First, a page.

I have been making work for 20 years or so, and have been fortunate to have met a lot of collectors. I learn a lot from them, and one of the reasons I make my work site-sensitive through the specific framing I developed is because of the relationships I’ve made with collectors. Each of my works is unique and considers the site/wall it hangs on because that is the relationship I want to build, or at least make available, with the collector or institution that acquires my work. Because of the way my work is framed, if a collector hangs the work on a blue wall, for example, it will read very differently because the blues in the photograph will blend in with the wall. Their wall will serve as the border around the photograph, framing it specifically to their place. I suppose because of this conversation I’ve built into my work, I don’t have that yearning to keep all my work to myself. My work is completed when it lives in the world, changing with each place it hangs.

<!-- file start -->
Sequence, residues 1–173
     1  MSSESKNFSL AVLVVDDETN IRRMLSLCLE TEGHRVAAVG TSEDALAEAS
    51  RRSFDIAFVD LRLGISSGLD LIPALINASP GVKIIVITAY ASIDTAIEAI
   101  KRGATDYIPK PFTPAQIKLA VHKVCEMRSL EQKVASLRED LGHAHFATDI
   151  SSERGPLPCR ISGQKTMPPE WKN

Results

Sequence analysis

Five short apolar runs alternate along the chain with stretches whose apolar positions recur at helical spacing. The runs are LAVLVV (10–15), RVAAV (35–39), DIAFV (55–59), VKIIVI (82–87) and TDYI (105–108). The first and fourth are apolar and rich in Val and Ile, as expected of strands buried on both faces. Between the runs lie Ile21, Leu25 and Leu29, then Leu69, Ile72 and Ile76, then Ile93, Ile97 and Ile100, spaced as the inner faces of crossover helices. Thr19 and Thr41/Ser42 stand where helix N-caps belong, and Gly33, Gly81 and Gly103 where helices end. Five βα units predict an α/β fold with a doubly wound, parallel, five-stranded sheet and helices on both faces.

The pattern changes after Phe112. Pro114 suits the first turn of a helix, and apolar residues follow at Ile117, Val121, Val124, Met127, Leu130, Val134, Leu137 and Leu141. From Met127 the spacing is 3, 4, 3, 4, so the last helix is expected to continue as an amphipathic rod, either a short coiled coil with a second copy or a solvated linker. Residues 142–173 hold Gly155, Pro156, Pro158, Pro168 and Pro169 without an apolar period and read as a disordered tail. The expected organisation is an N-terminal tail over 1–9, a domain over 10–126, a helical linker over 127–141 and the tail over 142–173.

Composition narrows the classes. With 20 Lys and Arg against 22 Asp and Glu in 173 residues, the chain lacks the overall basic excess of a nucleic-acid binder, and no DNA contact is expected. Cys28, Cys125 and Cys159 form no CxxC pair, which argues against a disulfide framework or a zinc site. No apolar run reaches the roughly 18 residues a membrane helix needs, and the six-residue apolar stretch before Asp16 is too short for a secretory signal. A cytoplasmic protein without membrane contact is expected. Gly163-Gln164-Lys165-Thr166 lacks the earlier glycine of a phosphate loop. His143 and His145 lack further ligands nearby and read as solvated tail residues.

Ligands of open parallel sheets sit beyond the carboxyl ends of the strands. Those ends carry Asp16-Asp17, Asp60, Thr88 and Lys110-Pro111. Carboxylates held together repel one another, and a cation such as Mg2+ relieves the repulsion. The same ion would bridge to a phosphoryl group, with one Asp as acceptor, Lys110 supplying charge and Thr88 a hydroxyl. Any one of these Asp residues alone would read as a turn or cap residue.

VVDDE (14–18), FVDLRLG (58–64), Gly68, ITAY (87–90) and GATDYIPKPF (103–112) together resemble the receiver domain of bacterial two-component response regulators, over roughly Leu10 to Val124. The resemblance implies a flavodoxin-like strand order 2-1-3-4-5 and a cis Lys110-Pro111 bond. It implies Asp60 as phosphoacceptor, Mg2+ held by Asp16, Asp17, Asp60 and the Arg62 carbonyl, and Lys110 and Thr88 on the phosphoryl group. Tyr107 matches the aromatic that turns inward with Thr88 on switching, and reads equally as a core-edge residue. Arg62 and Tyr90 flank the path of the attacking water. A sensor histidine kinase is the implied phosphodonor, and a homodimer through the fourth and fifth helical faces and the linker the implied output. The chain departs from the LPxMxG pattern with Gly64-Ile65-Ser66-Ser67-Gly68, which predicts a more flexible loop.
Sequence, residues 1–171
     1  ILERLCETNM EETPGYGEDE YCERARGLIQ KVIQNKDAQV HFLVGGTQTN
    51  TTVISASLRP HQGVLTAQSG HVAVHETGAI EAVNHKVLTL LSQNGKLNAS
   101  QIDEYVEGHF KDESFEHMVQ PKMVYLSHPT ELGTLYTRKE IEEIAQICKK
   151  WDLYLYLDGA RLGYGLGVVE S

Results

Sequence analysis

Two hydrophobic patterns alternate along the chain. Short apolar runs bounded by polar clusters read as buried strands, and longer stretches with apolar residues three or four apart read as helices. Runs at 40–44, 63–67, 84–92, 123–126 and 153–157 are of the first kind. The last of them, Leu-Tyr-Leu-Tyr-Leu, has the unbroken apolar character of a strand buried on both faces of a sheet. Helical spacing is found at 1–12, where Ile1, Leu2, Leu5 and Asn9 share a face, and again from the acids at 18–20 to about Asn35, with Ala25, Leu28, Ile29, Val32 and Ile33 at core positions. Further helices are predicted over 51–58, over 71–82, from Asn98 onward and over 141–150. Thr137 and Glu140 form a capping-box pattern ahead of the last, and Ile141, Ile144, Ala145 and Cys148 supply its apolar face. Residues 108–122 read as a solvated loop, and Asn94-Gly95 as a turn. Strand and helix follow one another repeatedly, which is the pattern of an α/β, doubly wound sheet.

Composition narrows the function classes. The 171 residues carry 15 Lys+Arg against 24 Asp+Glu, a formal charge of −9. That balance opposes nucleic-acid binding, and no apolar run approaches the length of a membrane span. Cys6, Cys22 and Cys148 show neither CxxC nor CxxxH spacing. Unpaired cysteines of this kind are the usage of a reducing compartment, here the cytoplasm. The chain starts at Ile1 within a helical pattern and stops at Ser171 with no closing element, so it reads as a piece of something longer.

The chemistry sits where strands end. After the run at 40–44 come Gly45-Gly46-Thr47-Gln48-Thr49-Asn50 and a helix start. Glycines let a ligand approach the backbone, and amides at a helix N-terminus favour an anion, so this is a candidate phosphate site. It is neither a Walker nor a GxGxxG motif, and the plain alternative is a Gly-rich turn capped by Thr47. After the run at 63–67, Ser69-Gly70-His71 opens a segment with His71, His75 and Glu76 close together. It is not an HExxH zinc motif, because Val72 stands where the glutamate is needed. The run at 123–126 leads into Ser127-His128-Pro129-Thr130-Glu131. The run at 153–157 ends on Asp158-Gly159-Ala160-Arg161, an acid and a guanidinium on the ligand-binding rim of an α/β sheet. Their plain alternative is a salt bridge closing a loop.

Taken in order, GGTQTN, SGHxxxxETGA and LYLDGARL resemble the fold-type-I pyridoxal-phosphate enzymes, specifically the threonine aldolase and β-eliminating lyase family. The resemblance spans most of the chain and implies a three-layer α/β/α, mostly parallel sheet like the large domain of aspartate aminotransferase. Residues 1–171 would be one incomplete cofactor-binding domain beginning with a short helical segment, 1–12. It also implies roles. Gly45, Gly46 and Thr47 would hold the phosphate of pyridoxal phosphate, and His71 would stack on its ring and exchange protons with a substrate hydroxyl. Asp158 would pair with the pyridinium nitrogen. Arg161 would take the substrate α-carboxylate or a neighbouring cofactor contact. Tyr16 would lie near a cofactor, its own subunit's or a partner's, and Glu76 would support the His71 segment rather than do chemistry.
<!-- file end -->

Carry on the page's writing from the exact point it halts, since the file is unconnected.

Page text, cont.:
You are one of the artists in Decisive Moments that shows photography can be more than a 2D art, with your work moving into the sculptural realm. What kinds of developments do you foresee for photography in the future?
I came to photography through reading Walter Benjamin, and his ideas still resonate with me. I think photography will change and develop through ideas about photography as much as the apparatuses that let those ideas become manifest. New technological advances in photography don’t necessarily make work more interesting for me. A lot of artists are using scanners as cameras, processing systems, continuing material investigations, etc.—all of that is quite interesting in thinking about how we understand photographic imagery, information, ubiquity and distribution, and those works along with more traditional practices and ideas by thinkers like Flusser and Rancière, will together shape the development of photography.
There is another artist named Soo Kim, but based in New York. Do you receive correspondence aimed at her and vice versa?
There’s been no overlap between myself and that Soo Kim. Though she is my internet search nemesis!